just read about this issue on the National Trust website and i must say, i'm not surprised. I was born and raised in Birmingham and left in december to persue my education in historic preservation. I had grown so tired of Birmingham's history of ingnoring advice for how to promote the city in a positive way, including preservation efforts. I took an amazing class at UAB called History and Development of Birmingham. It really reveals a tragic timeline of arrogance, even indifference to the fact that change is inevitable and that at some point the old guard has to make room for the new. A Newspaper is supposed to be a community advocate by reporting the things that are important to it's citizens. From it's beginning, the News has chosen to cover and promote those things that promote the social and financial wellbeing of it's owners and it's owners friends who own everything in the city but live over the mountain. I hate to be a hater, but i doubt this pattern will ever change. It will be a sad day when their hideous new building stands empty accross the street from a parking lot that used to be a wonderful, useful, historic structure. RIP

Barb
Barb

I hate to see the building go like the old train terminal did. That was really a loss for Birmingham.

Barb
Barb

I hate to see the building go like the old train terminal did. That was really a loss for Birmingham.

Melinda
Melinda

Very sad especially since there probably won't be a need for more parking spaces soon. I predict there won't be a hard copy of the paper in the next decade or so and most of the work employees will do will be online and can be done off site.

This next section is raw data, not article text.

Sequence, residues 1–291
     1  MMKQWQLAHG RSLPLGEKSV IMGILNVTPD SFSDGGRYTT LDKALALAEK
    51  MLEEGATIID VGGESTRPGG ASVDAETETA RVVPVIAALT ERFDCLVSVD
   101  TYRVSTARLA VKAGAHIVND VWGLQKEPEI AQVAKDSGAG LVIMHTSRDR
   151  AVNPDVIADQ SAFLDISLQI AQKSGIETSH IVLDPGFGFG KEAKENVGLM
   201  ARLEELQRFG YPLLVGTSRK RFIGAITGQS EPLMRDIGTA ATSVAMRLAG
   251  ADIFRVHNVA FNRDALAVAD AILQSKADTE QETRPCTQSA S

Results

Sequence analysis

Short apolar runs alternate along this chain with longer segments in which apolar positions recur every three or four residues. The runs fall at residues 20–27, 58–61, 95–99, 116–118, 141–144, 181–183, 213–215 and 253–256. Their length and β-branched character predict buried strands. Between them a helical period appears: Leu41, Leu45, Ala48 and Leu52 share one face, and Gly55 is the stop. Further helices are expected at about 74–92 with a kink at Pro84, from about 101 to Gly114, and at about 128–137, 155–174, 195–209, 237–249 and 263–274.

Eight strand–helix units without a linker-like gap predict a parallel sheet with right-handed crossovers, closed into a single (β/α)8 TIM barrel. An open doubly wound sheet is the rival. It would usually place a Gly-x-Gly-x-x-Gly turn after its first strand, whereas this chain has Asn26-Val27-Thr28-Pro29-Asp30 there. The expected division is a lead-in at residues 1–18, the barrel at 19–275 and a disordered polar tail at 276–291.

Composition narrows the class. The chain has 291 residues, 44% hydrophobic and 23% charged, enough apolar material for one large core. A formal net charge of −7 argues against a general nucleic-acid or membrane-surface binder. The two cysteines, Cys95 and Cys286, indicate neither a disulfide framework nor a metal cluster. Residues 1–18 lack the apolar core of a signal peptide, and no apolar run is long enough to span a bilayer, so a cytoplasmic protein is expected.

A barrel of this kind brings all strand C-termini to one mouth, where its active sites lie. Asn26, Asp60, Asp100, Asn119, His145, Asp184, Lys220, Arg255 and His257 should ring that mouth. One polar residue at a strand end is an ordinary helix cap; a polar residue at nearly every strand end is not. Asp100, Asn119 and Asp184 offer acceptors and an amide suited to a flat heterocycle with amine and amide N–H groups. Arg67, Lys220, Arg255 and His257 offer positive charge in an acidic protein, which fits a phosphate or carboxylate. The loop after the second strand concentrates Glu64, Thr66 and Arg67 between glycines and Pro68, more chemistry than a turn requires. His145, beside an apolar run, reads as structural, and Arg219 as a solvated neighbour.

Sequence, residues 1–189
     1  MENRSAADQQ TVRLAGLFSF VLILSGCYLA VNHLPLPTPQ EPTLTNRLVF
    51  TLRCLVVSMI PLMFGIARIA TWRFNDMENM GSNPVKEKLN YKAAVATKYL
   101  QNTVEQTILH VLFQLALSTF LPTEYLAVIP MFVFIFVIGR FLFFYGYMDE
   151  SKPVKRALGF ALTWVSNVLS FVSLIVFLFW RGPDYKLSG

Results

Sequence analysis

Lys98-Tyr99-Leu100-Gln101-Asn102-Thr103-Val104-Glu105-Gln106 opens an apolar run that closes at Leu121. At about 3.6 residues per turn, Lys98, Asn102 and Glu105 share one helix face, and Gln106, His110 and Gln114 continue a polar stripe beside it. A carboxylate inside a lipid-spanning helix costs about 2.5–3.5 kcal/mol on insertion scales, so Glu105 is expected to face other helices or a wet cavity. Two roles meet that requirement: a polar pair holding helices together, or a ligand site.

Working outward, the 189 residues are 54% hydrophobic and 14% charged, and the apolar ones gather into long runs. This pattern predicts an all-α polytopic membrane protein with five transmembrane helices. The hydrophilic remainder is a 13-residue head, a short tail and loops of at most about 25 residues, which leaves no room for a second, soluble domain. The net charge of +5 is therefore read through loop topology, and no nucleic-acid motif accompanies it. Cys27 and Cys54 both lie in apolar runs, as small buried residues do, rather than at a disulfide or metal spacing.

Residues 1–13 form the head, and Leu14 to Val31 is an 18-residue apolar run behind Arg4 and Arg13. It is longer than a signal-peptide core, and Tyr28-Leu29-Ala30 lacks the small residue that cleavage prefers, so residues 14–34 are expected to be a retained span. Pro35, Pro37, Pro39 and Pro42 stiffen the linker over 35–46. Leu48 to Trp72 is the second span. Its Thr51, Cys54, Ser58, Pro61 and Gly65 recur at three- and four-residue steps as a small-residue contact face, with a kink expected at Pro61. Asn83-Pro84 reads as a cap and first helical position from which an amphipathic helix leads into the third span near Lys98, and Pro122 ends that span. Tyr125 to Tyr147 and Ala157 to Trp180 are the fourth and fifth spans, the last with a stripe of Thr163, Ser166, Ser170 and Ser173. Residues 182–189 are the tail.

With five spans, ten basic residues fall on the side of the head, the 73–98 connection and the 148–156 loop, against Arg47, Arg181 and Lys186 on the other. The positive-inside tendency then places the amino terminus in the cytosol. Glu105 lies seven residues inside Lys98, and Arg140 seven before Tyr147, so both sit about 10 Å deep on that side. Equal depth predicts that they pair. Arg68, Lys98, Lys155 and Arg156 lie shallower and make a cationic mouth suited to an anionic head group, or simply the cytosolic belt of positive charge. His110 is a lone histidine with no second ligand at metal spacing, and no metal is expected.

Melinda
Melinda

Very sad especially since there probably won't be a need for more parking spaces soon. I predict there won't be a hard copy of the paper in the next decade or so and most of the work employees will do will be online and can be done off site.

Deon Gordon
Deon Gordon

Such an embarrassing decision. The ghosts of 1969 have visited Birmingham yet again. I find it hard not to take this move as a slap in the face of historical integrity especially when I consider the fact that BPA's Deck 4 (with hundreds upon hundreds of parking spaces) sits less than 90 feet away from the present building.

Deon Gordon
Deon Gordon

Such an embarrassing decision. The ghosts of 1969 have visited Birmingham yet again. I find it hard not to take this move as a slap in the face of historical integrity especially when I consider the fact that BPA's Deck 4 (with hundreds upon hundreds of parking spaces) sits less than 90 feet away from the present building.

Dystopos
Dystopos

Can't tell a building owner what to do, no matter how illogical the proposal. The building would have made for an ideal Jefferson County History Museum, but instead, judging by these drawings, it will be about 20 parking spaces more than they could have gotten by leaving the 1917 building and redeveloping the rest of the half-block as shown.

BhamWiki's article about the building is here:
http://www.bhamwiki.com/wiki/index.php?title=1917_Birmingham_News_building

Dystopos
Dystopos

Can't tell a building owner what to do, no matter how illogical the proposal. The building would have made for an ideal Jefferson County History Museum, but instead, judging by these drawings, it will be about 20 parking spaces more than they could have gotten by leaving the 1917 building and redeveloping the rest of the half-block as shown.

BhamWiki's article about the building is here:
http://www.bhamwiki.com/wiki/index.php?title=1917_Birmingham_News_building